We Need to Talk About Grammar is a weekly feature in which I complain about grammatical mistakes I encounter all too often. Feel free to commiserate below, and check out the archives here!
Some of you may be thinking that this post was prompted by my frustration at people using “me” when they should be using “I,” as in the example sentence below:
Jane and me went to the fair yesterday.
But you’d be wrong. No matter how much the above bothers me (believe me, it does), it’s even more frustrating when people overcorrect and use “I” when they should actually be using “me.” Compare the two sentences below:
My dad was so proud that he bought ice cream for my sister and me!
My dad was so proud that he bought ice cream for my sister and I!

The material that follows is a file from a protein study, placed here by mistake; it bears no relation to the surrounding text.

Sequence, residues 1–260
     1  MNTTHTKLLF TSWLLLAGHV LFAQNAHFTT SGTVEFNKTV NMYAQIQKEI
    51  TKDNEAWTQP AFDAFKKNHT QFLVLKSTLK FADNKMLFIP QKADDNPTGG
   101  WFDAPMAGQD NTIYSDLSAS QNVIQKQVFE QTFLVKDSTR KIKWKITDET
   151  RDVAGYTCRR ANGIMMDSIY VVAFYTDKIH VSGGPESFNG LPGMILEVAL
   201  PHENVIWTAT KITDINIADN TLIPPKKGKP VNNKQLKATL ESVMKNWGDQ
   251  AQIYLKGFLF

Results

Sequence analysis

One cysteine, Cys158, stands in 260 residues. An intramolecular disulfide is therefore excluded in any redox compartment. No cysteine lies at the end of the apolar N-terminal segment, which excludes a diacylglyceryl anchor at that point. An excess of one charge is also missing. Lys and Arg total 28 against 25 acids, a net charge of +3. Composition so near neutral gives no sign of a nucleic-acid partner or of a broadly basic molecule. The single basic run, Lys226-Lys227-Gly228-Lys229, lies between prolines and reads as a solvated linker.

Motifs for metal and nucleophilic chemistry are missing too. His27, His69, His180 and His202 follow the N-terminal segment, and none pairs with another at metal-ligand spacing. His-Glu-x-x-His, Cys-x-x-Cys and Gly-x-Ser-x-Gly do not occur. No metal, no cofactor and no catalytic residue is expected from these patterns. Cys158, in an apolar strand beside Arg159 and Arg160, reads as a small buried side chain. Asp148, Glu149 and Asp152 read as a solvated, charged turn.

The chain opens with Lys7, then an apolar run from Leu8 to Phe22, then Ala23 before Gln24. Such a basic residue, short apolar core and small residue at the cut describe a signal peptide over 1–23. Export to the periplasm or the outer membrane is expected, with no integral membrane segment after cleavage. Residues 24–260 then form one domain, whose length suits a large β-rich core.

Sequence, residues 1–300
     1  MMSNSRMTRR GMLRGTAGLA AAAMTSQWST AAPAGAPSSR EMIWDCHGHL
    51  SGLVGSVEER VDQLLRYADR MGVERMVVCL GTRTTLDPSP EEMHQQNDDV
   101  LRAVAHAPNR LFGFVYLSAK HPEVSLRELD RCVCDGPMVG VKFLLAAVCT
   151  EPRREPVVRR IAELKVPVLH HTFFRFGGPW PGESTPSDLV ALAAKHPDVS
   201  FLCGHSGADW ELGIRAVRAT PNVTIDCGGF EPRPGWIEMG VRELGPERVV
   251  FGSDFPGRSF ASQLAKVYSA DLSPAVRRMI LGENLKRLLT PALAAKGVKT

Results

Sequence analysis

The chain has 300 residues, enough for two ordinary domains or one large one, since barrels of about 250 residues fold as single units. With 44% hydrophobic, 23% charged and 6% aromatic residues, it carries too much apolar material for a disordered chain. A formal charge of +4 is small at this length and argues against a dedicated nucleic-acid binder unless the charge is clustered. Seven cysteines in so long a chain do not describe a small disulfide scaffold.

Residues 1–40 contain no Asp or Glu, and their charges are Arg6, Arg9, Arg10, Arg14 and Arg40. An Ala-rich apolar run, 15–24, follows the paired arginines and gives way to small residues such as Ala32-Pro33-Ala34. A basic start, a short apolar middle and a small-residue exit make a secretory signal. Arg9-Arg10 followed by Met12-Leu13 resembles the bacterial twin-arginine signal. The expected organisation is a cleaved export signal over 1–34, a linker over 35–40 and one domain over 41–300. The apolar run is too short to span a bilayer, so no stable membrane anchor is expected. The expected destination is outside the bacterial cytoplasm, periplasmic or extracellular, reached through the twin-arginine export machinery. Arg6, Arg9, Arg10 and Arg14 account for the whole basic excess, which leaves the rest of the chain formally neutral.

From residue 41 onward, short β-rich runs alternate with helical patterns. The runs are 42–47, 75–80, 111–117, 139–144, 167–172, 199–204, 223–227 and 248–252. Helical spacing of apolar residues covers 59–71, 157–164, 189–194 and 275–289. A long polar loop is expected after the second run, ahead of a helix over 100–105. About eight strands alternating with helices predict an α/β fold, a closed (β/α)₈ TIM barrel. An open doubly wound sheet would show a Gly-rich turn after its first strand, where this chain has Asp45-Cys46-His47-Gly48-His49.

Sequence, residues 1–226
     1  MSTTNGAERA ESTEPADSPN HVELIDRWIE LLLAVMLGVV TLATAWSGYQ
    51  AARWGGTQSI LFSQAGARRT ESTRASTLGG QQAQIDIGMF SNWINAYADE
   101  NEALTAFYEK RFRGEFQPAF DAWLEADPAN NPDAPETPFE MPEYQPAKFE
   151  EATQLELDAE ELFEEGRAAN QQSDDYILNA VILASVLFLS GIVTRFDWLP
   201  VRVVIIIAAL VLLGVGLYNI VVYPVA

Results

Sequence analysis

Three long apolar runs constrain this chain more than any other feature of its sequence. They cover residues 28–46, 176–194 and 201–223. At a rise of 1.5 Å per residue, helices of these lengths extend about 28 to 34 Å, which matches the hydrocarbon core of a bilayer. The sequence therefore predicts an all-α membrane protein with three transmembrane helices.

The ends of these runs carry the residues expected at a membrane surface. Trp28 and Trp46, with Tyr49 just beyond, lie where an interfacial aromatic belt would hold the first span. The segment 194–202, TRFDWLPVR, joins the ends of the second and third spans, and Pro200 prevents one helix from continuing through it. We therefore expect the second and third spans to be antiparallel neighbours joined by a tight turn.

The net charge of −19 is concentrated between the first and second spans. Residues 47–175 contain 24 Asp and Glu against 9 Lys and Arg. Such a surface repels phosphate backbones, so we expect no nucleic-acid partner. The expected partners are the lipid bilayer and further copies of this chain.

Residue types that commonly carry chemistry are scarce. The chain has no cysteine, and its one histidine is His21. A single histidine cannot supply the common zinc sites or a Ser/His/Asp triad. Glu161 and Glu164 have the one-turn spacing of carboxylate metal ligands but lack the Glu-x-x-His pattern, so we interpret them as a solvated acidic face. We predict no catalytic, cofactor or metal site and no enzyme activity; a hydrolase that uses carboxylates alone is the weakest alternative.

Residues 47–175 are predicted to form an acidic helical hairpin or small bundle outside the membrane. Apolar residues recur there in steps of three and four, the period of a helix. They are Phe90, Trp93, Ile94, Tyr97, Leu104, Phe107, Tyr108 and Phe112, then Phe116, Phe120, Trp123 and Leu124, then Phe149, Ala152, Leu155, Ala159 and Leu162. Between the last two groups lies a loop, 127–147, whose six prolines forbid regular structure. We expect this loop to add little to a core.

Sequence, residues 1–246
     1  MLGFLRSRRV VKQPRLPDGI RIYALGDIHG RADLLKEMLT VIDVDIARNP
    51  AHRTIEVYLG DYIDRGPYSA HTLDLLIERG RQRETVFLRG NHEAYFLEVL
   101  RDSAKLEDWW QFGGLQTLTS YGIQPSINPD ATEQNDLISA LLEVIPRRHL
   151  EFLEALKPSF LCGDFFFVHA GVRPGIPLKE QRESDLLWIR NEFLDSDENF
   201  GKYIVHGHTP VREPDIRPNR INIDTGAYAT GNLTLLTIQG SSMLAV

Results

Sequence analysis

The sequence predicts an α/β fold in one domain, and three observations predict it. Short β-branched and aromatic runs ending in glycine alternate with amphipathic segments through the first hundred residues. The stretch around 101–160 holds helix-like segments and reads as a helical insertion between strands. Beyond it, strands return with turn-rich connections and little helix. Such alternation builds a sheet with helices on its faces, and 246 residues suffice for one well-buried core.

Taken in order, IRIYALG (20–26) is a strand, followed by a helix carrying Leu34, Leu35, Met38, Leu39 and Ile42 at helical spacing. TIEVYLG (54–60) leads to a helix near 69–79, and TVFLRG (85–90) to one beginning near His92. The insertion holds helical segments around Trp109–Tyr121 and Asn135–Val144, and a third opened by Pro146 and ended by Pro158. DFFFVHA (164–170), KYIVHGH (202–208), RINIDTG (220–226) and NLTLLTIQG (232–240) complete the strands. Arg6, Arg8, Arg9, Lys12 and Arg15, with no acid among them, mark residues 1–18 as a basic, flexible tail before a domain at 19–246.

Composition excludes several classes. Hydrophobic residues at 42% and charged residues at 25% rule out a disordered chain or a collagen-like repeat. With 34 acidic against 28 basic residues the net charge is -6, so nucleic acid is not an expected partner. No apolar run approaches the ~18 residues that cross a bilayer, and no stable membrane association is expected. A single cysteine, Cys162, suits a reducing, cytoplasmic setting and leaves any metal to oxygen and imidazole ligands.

Which one is correct? I have a hunch that a lot of people would say the latter, but it’s actually the former.
In the examples above, the speaker is the object of the verb phrase bought ice cream for, thus necessitating the use of “me.” Take out “my sister” and you’ll see that using “I” doesn’t make sense:
My dad…bought ice cream for me!
My dad…bought ice cream for I!
The best way to remember this is that, when you are the subject of the sentence (that is, the one performing the action), you should use “I.” When you are the object of the sentence (that is, the one the action is being performed on), you should use “me.” To check if you’re using the correct word, you can always do what I did above and remove pieces from the sentence to see if it sounds right. If it doesn’t, make the switch.by